House of Commons photo

Crucial Fact

  • His favourite word was poverty.

Last in Parliament March 2011, as NDP MP for Sault Ste. Marie (Ontario)

Lost his last election, in 2011, with 37% of the vote.

Statements in the House

Department of Public Safety and Emergency Preparedness Act October 15th, 2004

Mr. Speaker, I want to commend the member for Halifax for challenging us to be careful in terms of what we put in place because it has long ranging consequences.

I heard the member who spoke before her talk about the fact that Canada has been lucky in that we have not had any disasters other than natural. I wonder if maybe it is more than luck. Canadian society has evolved as a society that is tolerant and inclusive and the government has come forward in most cases and developed programs over the years that support people so we do not get into positions where we have one group of people who are desperate and in need as opposed to another. There is a mentality or an environment in Canada that precludes us attracting the kind of devastating attack that we have seen in other parts of the world.

Could the member comment on the fact that sometimes we hear people saying that we are lucky as opposed to Canada has been thoughtful in the way it has evolved as an inclusive, tolerant society, and we need to continue down that path?

Child Care October 13th, 2004

Mr. Speaker, my question is for the Minister of Social Development.

We now have a commitment in the throne speech to a national child care program. This is a benchmark after years of promises by Conservatives and Liberals in election campaigns. I just crossed the country meeting with and listening to the child care community. There is great expectation out there.

Can the minister assure us that this new program will be enshrined in legislation, and be publicly funded and publicly delivered?

Agriculture October 7th, 2004

Mr. Chair, I do not know if he is confused, but this is the federal Parliament here. We are talking about the response to this very tragic and not to be trifled with issue for farmers in my riding, and I am assuming his riding as well.

We are talking to the federal Minister of Agriculture and trying to explain to him why this program is not working and why it is that our farmers are still in stress out there.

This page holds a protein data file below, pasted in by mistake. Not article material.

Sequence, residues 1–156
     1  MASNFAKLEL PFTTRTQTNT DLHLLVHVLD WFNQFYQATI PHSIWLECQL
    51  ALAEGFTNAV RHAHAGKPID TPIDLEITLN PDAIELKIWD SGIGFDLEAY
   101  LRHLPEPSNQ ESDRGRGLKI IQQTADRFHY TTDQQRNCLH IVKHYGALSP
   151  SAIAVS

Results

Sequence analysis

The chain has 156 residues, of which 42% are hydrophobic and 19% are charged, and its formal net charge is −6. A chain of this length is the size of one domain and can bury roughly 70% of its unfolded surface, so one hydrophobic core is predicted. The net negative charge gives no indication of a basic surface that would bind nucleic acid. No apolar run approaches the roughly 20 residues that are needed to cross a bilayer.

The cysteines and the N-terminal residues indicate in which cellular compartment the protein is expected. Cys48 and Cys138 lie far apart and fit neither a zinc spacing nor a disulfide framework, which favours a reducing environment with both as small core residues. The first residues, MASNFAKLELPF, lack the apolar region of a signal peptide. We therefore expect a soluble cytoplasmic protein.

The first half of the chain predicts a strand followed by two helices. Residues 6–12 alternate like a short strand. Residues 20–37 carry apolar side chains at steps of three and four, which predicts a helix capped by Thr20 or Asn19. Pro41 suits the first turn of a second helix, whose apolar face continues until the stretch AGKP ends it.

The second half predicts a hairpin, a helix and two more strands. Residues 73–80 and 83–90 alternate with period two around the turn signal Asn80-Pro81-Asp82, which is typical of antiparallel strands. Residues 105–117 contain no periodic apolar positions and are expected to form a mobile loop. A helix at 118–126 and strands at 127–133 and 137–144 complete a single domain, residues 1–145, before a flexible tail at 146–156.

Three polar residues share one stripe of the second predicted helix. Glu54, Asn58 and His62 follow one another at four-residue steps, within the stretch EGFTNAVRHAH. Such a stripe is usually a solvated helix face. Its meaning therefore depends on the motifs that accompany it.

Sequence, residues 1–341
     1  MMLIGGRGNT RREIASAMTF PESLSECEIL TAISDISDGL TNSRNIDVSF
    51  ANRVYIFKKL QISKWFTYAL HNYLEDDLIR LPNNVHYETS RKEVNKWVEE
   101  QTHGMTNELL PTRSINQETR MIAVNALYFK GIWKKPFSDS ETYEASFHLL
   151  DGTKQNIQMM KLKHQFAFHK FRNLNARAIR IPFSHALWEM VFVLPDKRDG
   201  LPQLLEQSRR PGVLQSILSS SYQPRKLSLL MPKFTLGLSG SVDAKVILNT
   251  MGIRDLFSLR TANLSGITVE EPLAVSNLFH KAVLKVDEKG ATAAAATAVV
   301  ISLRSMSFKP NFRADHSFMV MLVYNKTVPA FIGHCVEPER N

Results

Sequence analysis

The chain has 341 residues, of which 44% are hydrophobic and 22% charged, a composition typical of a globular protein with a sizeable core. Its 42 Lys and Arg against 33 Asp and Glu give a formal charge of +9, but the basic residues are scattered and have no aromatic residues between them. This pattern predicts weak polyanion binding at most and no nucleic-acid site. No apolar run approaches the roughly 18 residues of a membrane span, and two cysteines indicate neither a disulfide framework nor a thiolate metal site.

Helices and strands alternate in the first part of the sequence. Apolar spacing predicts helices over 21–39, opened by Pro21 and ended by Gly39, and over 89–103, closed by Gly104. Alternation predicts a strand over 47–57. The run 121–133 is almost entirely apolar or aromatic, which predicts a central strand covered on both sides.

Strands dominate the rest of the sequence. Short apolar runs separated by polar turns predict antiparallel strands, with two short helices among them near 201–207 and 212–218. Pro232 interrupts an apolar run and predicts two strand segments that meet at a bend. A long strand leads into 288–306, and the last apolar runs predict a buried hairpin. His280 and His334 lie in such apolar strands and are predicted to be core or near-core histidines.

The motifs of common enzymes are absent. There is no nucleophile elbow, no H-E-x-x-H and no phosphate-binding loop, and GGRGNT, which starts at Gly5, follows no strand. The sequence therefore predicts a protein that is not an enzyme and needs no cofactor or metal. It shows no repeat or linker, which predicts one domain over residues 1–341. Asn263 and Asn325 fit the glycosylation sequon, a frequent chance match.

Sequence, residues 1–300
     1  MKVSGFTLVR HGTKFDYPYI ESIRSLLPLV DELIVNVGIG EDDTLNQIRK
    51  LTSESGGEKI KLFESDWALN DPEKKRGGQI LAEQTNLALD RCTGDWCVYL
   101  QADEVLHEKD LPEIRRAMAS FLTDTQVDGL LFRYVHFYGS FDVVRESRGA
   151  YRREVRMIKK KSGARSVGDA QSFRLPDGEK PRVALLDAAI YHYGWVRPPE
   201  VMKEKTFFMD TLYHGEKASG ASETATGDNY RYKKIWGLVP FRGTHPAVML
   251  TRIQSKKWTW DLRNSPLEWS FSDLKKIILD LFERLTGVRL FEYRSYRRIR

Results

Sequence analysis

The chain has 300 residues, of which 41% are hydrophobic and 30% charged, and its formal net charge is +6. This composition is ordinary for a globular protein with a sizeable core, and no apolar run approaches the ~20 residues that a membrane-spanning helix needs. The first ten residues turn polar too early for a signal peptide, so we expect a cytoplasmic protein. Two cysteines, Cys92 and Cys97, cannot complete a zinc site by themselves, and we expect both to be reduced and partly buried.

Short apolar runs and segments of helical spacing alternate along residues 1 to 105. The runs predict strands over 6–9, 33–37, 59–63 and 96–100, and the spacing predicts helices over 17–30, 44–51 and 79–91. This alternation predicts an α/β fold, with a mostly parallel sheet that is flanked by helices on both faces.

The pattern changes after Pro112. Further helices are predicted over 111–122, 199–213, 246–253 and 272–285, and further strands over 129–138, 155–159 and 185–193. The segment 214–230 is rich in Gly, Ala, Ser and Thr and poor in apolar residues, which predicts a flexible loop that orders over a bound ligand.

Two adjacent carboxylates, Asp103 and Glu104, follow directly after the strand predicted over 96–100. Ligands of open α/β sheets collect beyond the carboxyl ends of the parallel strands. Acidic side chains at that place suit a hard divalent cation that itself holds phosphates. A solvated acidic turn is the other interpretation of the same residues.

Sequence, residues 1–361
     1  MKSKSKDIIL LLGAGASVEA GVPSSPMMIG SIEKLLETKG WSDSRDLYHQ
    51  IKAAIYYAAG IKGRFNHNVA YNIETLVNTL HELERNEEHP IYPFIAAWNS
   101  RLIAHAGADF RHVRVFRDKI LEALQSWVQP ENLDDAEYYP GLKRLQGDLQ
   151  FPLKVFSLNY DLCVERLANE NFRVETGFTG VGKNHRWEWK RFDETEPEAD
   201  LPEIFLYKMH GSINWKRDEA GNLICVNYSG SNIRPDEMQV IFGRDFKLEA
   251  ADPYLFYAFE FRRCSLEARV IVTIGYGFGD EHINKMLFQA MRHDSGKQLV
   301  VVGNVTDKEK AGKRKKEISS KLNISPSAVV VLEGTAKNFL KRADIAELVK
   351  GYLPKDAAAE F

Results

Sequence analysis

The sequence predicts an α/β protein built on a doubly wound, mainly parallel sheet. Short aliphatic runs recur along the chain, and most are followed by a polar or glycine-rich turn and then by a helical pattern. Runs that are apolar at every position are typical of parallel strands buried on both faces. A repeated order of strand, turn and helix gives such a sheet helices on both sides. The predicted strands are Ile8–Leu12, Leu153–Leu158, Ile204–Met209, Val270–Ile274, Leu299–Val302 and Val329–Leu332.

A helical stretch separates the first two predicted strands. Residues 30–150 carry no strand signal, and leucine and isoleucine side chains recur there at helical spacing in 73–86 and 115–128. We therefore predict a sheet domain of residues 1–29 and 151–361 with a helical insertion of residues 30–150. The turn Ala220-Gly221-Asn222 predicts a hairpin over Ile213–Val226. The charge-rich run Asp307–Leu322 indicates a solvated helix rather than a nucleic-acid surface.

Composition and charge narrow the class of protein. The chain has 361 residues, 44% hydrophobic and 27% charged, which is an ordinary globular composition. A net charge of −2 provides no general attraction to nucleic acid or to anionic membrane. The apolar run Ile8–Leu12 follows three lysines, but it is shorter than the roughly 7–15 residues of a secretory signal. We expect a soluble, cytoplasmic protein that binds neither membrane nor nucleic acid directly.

Agriculture October 7th, 2004

Mr. Chair, if the minister thinks I am confused, he ought to meet with the farmers in my riding. There were about 120 at a meeting a few weeks ago and there was lots of confusion about the way that money flows, or does not flow, from the federal ministry and from the provincial ministry. I am glad to hear the minister say tonight that there is in fact new money. I want him to know that we will hold him to that because we will be watching.

We have a significant number of farmers in our area who did not qualify for CAIS this year who thought they would. They played by the rules. They thought they understood how the formula worked. They applied thinking that they would get that money. They were counting on that money to get them through this winter and to hold the banks at bay, but it did not come. There is no cheque in the mail. There is no money. These folks have been through a couple of really tough years.

The minister has to get out and talk to some more farmers. I suggest that he is probably talking to some of the leadership and some of the organizations that represent farmers. They may not be giving him the full story. He needs to get down into the grassroots and talk to farmers, like the one that is here tonight. I suggest he take a few minutes tonight to talk with my constituent who drove nine hours to be here to listen to this debate and to perhaps contribute in some way if he could to clarify the situation by letting us know what is happening to him and his neighbours.

Agriculture October 7th, 2004

Mr. Chair, I want to thank the member for Timmins--James Bay, our critic for agriculture, for giving me some time tonight. I also want to thank the constituents of Sault Ste. Marie and area for their confidence in me so that I could be here tonight standing in my place to speak up on behalf of the farmers of Algoma and all farmers across Canada and tell the government it has to stop playing games with the lives and livelihoods of some of our best people. Either there is money or there is not. This is a cynical, dangerous game the government is playing.